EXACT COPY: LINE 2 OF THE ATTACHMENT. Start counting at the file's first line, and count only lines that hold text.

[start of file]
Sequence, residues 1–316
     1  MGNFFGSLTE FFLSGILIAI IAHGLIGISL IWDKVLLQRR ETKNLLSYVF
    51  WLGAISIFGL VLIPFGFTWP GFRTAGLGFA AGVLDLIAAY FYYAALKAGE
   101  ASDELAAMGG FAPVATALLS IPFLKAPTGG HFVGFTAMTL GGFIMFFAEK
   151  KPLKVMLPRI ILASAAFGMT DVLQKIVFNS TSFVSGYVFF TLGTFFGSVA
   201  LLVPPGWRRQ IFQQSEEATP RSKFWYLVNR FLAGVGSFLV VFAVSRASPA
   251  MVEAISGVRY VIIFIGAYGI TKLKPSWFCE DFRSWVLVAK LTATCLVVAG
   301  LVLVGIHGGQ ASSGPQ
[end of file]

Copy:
     1  MGNFFGSLTE FFLSGILIAI IAHGLIGISL IWDKVLLQRR ETKNLLSYVF